‘I prefer cyber-support, with others that really know how you feel as they have been there themselves. I’ve tried one-to-one at the hospital but this just seems to bring things to the surface but didn’t help me think about it and deal with it afterwards.’
4.2 More recent commentaries have acknowledged the potential therapeutic components of the qualitative research encounter (Kvale, 1996) and the need to explore therapeutic impact within (Birch and Miller, 2000; Colbourne and Sque, 2005). Within this research, many participants welcomed the chance to participate and share their experiences using this medium. This eagerness may, in part, reflect the specific nature of their experiences – infertility remains a sensitive and socially isolating experience. As in O’Connor and Madge’s (2001) study, participants perceived the virtual medium as an ‘anonymous, safe and non-threatening environment’ (2001: 11.2). However, as I have suggested, the virtual realm also offers a new dimension to the qualitative research encounter. While I do not suggest online as opposed to FTF communication is any more meaningful per se, within this research encounter virtual communication offered a mode of being and communication that diluted the tensions, restrictions and expectations of the offline world. In this study, participants recognise living without children as a socially isolating experience alleviated by participation in the virtual realm:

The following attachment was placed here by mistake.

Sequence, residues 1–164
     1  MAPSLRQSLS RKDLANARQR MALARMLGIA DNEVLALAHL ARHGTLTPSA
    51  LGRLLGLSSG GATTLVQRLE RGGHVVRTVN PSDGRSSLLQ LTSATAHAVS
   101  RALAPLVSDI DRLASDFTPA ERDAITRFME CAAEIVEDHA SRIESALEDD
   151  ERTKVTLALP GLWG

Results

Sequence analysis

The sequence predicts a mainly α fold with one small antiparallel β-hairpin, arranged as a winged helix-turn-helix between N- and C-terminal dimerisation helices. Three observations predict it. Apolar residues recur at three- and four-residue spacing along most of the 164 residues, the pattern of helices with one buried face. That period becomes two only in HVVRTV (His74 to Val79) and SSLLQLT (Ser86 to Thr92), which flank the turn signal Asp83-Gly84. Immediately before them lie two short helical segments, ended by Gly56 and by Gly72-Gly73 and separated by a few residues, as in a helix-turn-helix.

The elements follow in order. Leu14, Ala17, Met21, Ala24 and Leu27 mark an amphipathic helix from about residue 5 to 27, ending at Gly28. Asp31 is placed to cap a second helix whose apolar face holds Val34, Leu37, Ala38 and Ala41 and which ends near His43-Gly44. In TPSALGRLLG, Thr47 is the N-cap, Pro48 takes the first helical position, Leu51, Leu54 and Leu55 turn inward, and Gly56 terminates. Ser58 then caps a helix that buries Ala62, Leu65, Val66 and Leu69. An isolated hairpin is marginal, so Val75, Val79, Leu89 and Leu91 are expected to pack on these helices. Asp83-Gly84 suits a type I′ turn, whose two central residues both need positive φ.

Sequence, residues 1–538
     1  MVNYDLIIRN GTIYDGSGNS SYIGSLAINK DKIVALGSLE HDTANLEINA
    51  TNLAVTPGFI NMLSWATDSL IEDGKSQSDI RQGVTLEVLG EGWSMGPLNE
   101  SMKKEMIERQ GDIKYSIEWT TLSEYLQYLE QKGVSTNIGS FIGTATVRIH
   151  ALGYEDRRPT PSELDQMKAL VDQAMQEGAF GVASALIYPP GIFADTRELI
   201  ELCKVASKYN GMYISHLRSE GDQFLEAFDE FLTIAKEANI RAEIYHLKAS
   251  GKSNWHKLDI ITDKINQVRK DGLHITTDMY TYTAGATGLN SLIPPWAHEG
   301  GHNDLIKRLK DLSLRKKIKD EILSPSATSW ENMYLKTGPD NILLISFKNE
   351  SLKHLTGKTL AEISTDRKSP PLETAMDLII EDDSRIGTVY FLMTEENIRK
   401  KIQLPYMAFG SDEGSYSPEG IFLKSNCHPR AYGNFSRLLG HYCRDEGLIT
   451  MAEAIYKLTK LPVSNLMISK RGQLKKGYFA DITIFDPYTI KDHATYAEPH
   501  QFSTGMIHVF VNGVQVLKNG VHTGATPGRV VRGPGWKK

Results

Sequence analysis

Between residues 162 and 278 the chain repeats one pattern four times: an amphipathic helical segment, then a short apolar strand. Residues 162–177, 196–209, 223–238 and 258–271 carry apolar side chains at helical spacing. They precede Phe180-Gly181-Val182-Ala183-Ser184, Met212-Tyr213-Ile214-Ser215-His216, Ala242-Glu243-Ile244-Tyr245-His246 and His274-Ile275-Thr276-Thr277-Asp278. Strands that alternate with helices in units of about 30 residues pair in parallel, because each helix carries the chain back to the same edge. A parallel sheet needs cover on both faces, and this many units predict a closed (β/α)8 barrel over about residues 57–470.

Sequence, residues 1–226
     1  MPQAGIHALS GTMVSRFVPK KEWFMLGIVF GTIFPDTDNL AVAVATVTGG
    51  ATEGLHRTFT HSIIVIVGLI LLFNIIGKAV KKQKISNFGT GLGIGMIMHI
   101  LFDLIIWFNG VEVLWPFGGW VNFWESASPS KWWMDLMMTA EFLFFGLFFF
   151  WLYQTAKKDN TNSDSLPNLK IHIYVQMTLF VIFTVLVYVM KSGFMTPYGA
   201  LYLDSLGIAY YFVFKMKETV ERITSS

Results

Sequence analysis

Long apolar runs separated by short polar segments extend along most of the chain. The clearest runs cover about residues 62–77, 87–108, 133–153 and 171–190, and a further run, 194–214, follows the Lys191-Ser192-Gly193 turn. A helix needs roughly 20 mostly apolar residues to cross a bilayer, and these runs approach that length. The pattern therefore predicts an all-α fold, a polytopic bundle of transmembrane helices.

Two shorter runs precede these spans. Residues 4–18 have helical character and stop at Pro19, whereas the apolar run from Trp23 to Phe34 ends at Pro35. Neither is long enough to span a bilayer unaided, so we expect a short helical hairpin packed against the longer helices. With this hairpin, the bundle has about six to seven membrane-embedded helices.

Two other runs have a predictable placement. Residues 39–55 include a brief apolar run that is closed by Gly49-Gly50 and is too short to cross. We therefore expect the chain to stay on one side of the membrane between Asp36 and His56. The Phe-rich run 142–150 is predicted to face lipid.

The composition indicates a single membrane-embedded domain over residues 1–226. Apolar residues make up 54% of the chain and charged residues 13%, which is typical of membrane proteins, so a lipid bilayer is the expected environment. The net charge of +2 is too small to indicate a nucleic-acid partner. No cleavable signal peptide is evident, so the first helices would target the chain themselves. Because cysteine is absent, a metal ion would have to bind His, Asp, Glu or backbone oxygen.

Lisa: Offline, you tend to find that your interests and what you talk about is different from your other friends …When I am feeling down, or need a pick me up or just ask ‘why me?’ I feel these online groups help and I don’t feel so isolated.
4.3 While Goffman (1969; 1983) underlines how we negotiate shared ‘vocabularies of bodily idiom’ central to the presentation of the self within the face-to-face interaction order, it is precisely the lack of face-to-face interaction that remains central to the freedom of emotional expression described by participants, as Paula and Diane discuss:
Paula: The advantage of talking with people online is that we don’t really know one another so we are allowed a certain degree of freedom of expression that might get filtered if they were “real life” friends. I don’t feel I have to holdback.
Diane: I think too that the thought of going into an actual support setting is daunting. You don’t know anyone, everyone looks at you when you come through the door and you feel compelled to say something. Online you can lurk around until you feel comfortable, no one has to know you are there. You can talk when you need to and not once a month on a Tuesday evening. It’s private, both from the anonymity point of view, but it’s also in your own home.